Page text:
From Solidarity 3/27
A right-wing group is now cock-a-hoop in Washington. They advocated US war on Iraq at a time when almost all the USA’s ruling circles considered the idea crazily risky. They feel vindicated in their view that blasts of US military power can ratchet the whole world, bit by bit, into a levelled-out free-market arena - their ideal of democracy and liberty.
One of their main reference points is a Washington think-tank called the Project for the New American Century. Dick Cheney (now vice-president), Donald Rumsfeld (now Defence Secretary), Paul Wolfowitz (now Deputy Defence Secretary), and Jeb Bush (Governor of Florida, and President George W’s brother) all signed the Project’s founding statement, in June 1997.
The director of the Project for the New American Century, a man who suspects not only Colin Powell but also National Security Adviser Condoleezza Rice of being unsoundly "dovish", is William Kristol.
His father Irving Kristol, also in his time a leading "neo-conservative", chose to entitle a 1977 autobiographical article "Memoirs of a Trotskyist", and to credit his Trotskyist youth as the time which taught him to read, argue and think seriously and intensely.
In fact Irving Kristol (and William Kristol’s mother Gertrude Himmelfarb, a well-known historian) were organised Trotskyists for only a few months in 1940, when Kristol was 20. They joined Max Shachtman’s Workers" Party after the split with James P Cannon’s Socialist Workers" Party, and then within a few months quit as part of an "anti-Bolshevik" faction, the "shermanites", which joined the Socialist Party and after a few years dissolved, its members drifting rightwards.
What the Kristols have retained as they moved right is a bent for generalisation, a universalist outlook, quite unusual in the US culture of pragmatism, academic specialisation, and now post-modernism. It is a curious and scary moment that gives them a high role in policy-making.
Their catchphrase was first coined by Henry Luce in his magazine Life, of 17 February 1941. Luce was urging the USA to join World War Two. According to him, the economic power of the United States had made the 20th century already an American century, but the century had thus far proved "a profound and tragic disappointment" because the USA had failed "to exert upon the world the full impact of our influence."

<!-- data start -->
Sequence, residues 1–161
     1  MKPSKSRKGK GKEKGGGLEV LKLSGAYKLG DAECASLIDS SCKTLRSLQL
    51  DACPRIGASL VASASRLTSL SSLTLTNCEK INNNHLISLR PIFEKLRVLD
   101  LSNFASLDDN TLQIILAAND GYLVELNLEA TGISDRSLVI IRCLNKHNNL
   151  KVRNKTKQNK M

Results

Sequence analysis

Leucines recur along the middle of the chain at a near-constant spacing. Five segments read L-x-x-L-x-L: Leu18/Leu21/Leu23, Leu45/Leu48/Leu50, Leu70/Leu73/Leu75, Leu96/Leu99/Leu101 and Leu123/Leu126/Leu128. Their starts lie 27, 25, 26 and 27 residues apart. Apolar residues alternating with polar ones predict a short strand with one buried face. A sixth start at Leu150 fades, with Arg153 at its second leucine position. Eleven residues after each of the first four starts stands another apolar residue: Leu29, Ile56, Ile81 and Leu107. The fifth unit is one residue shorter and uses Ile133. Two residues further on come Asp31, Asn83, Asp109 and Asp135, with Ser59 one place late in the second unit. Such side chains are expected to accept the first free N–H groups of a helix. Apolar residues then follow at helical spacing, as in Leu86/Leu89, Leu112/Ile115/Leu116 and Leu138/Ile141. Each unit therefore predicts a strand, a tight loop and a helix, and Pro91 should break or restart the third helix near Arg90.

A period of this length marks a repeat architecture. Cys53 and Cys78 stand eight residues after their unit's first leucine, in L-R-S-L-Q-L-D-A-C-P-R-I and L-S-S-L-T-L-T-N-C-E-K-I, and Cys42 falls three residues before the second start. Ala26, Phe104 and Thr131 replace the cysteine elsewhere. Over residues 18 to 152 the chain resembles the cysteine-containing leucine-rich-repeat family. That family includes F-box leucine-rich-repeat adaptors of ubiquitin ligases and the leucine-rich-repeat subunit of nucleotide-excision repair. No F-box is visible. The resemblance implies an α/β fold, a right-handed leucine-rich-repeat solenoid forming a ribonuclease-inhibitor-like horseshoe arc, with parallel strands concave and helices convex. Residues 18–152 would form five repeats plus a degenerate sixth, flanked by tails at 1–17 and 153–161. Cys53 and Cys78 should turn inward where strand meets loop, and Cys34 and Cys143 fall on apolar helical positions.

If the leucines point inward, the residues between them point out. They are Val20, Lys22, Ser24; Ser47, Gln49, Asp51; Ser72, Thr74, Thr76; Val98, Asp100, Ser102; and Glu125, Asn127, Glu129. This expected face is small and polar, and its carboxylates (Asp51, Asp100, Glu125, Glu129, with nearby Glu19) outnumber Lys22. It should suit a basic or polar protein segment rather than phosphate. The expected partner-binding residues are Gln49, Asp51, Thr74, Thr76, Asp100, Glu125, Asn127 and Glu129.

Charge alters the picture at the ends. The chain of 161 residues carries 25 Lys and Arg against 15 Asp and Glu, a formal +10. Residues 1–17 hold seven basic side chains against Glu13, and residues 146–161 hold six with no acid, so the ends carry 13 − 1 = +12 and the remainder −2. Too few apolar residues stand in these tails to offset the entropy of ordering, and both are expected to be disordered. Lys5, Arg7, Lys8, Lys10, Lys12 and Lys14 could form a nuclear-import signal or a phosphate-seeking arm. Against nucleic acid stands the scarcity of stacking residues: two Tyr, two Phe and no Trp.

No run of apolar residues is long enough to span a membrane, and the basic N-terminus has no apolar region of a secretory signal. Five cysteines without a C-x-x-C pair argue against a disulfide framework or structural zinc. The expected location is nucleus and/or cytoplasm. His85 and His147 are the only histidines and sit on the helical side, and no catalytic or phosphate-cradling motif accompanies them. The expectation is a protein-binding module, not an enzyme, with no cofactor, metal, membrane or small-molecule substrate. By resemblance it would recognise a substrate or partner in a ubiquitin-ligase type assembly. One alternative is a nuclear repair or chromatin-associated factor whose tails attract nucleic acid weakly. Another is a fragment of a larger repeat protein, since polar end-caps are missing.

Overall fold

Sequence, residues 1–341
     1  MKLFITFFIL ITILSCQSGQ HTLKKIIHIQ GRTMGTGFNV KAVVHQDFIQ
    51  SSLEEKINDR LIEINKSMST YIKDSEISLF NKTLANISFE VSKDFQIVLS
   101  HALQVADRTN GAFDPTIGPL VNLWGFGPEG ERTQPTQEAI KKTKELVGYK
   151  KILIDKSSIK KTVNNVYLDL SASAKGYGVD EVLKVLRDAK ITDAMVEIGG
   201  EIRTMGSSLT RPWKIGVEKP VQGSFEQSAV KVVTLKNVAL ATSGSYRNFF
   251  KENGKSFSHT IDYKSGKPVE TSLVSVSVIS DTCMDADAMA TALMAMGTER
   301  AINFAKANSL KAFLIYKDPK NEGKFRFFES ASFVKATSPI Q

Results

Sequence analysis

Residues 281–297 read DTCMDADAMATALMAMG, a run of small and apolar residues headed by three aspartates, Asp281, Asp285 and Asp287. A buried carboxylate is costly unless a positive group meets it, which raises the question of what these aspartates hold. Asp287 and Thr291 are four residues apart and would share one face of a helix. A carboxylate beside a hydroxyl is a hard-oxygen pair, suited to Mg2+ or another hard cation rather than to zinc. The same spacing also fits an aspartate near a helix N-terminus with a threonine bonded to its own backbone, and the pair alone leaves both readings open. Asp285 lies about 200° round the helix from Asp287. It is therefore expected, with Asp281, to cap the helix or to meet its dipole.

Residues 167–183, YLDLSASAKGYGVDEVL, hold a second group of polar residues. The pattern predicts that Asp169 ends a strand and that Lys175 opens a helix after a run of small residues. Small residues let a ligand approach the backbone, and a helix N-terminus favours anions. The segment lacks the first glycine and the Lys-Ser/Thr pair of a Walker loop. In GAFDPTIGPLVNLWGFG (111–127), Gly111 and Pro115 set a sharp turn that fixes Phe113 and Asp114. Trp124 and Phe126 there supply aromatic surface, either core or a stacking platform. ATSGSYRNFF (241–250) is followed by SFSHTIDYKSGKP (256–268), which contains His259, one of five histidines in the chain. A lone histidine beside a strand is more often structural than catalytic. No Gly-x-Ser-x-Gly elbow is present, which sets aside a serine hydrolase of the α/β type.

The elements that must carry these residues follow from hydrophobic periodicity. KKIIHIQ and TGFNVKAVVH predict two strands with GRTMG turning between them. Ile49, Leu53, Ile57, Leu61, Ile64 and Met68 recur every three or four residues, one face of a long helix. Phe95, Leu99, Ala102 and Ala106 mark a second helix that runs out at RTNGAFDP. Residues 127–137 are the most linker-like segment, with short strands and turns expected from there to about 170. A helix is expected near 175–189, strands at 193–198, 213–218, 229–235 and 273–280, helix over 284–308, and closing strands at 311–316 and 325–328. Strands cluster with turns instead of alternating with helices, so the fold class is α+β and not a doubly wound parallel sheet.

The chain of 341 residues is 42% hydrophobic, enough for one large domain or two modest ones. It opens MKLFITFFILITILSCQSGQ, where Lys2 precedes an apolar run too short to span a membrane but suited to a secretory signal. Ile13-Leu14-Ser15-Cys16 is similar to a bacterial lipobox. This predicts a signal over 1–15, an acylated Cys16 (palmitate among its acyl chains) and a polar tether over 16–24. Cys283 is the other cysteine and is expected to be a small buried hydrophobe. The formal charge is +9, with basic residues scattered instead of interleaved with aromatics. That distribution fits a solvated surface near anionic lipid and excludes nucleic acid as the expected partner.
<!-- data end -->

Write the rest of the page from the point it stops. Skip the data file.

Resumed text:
The USA should therefore abandon isolationism - strong in the 1930s - and return to the doctrine of its "international police power" enounced by President Theodore Roosevelt in 1904.
By joining the war, Luce argued, the USA could "guarantee freedom of the seas and of commerce, and send engineers, builders, doctors and educators throughout the world". He saw this as the USA being "the Good Samaritan of the entire world... the sanctuary of the ideals of civilization... the dynamic centre of ever widening spheres of enterprise..."
In his own idiom, Luce was reprising the ideas of British free-traders from the era when Britain was the world’s great industrial power. George Canning, Tory Foreign Secretary in 1822-27, supported the independence of the South American countries from Spain with the view that free trade would make them the "farm" serving the industrial metropolis of Britain. After Canning, British foreign policy was dominated for decades by his Whig successor, Henry Palmerston, who, as Karl Marx put it, "inherited from Canning England’s mission to promote constitutionalism" internationally.
For the more vehement free-traders, according to the historian Elie Halevy, "political economy was transformed into theology... the immediate demand for a fiscal reform passed over into the grandiose dream of mankind reconciled and disarmed by the universal levelling of frontiers".
It is a recurrent dream for capitalism: a world harmonised by free trade. Dazzled by the marvels of market adjustments among shopkeepers and small businesses in their High Streets, capitalist ideologues imagine a self-regulating, prosperous bustle spread world-wide.
Of course, the High Street needs police. The world market needs police. And, since no world government is plausible any time soon, only the strongest state can be that police. Free-trading Britain insisted on the British Navy’s domination of the seas.